What interior design styles do river tables work in?
Nearly every client’s home to which we have delivered a river table has had a pool, fountain, or lake within view. The interior design style and decor in every space varies greatly from coastal, to rustic, eclectic modern, and Tuscan. In many of our photos, I have tried to show the surrounding decor with water features in view to highlight this aesthetic. In most cases, our furniture art tends to be a one-of-a-kind piece in its space and stands out as a bold focal point. Often, people design our art to fit the space using complementary color choices or metal finishes.
What makes a river table unique?
No two river tables are the same because of how they merge natural form wood with epoxy artistry combined with unique wood or steel fabrication for the legs. For my builds, every component is selected to fit the individual client’s requests. This customization usually starts with a size, shape, and budget discussion, and then I present the client with various options for the design. Wood slabs can vary significantly in color, shape, and flow of the edge. Burl slabs also have a curvy detailed live edge and a more exotic wood grain that can create a more interesting river but cost more than straighter grain common slabs. The resin artistry can range from completely clear, to opaque, shimmery, solid color fill, and even multiple layers. I have also added other natural mineral rocks, like Chrysocolla and Sodalite, for river wall art and table tops. Additionally, I often match colors and metallics to my client’s color palettes, simulated frozen rivers, and created oceanic flows in resin art—the possibilities are endless. I have also used wood and resin as modern table legs and have even used a carved 3D tree pedestal base. I try to approach each piece I create as a one-of-a-kind furniture art design, and there is great room for creativity in the process.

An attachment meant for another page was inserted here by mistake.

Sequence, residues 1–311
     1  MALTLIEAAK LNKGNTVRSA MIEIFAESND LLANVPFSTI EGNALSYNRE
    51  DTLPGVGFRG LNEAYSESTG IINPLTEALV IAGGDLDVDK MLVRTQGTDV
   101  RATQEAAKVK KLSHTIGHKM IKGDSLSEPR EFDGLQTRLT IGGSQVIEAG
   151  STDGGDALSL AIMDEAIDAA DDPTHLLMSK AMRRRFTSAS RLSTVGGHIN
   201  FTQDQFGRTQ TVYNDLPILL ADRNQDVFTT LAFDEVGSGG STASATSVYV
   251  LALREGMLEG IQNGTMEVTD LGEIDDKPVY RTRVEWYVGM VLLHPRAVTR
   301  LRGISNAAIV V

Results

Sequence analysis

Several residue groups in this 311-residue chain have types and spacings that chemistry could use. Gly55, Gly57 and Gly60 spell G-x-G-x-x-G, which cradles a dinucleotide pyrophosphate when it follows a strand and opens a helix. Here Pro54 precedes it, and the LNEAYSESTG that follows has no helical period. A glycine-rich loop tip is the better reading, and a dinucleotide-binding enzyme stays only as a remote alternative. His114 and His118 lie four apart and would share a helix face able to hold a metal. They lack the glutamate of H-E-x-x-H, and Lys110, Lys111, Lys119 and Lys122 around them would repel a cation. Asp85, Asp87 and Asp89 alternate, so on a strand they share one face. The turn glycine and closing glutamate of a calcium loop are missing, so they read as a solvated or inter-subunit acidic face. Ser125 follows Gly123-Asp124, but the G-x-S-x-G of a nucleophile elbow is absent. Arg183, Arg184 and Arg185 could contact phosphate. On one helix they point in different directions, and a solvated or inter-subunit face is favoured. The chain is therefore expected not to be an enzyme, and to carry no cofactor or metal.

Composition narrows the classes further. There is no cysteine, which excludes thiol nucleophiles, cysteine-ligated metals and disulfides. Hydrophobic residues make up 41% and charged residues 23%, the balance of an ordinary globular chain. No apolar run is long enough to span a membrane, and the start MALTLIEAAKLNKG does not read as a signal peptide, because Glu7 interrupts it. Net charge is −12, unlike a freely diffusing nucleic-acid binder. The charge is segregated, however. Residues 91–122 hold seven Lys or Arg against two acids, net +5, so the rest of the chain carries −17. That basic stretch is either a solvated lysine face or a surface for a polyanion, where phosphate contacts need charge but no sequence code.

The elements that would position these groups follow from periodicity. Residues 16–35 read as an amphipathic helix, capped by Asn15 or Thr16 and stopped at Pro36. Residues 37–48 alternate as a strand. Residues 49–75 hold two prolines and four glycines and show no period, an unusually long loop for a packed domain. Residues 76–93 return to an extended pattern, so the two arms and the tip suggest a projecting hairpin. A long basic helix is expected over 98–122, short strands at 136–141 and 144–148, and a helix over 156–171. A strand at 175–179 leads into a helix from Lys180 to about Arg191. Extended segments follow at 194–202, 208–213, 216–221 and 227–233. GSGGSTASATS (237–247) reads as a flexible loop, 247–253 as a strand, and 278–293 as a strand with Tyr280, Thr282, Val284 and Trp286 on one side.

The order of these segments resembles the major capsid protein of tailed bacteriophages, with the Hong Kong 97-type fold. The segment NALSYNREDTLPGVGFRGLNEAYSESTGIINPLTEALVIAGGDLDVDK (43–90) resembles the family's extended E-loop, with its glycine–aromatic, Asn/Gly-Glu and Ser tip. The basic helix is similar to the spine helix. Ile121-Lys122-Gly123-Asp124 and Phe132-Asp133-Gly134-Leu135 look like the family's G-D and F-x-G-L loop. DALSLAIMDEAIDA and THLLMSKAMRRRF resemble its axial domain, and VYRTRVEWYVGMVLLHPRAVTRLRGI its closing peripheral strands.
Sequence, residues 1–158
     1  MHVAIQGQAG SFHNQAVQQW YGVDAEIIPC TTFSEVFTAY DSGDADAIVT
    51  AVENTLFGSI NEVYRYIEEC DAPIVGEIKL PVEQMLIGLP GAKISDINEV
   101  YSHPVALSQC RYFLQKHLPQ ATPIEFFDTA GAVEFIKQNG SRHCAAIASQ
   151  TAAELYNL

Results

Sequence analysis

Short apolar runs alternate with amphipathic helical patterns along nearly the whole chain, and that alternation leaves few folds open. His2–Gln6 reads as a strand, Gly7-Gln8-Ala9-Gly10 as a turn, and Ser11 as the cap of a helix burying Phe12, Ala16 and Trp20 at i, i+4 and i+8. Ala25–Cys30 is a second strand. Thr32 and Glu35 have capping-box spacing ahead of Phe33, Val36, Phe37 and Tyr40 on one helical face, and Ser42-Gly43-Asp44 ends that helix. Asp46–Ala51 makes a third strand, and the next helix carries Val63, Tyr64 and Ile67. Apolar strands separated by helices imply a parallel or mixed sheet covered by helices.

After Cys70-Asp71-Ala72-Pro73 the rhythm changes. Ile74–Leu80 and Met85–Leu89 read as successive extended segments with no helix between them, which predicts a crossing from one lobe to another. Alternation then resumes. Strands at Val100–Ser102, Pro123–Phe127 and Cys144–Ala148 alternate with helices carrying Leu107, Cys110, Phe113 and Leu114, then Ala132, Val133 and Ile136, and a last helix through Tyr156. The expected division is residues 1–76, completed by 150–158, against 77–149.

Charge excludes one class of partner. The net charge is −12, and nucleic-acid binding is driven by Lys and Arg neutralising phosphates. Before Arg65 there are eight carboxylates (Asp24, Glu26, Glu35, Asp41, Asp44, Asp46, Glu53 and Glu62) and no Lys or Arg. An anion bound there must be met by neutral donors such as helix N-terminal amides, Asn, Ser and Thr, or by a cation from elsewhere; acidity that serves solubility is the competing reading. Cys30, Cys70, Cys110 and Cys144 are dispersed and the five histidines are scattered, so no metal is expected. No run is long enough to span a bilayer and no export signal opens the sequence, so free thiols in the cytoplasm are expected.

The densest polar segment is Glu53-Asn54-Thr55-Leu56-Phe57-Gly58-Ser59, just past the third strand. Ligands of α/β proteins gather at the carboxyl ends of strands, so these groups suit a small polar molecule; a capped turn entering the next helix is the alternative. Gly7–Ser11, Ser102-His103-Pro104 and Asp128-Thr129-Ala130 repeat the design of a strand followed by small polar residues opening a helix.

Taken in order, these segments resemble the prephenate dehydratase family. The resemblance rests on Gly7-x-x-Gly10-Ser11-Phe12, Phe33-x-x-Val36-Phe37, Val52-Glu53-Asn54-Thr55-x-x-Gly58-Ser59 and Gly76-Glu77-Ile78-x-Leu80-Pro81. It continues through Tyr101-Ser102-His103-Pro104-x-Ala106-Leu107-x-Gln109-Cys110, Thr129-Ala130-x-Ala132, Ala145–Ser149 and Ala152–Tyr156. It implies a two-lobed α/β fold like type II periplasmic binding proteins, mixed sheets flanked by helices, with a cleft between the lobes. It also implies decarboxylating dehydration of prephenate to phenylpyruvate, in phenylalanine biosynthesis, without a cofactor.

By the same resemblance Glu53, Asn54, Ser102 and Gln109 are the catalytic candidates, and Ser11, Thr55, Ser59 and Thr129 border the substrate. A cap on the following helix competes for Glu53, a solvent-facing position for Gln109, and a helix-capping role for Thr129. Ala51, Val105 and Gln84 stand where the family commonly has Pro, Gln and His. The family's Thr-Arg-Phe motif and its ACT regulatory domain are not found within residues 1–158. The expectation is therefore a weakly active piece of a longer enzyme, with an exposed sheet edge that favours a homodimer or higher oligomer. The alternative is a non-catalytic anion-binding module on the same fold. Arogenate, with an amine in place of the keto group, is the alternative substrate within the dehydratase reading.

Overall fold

How much should a great river table cost?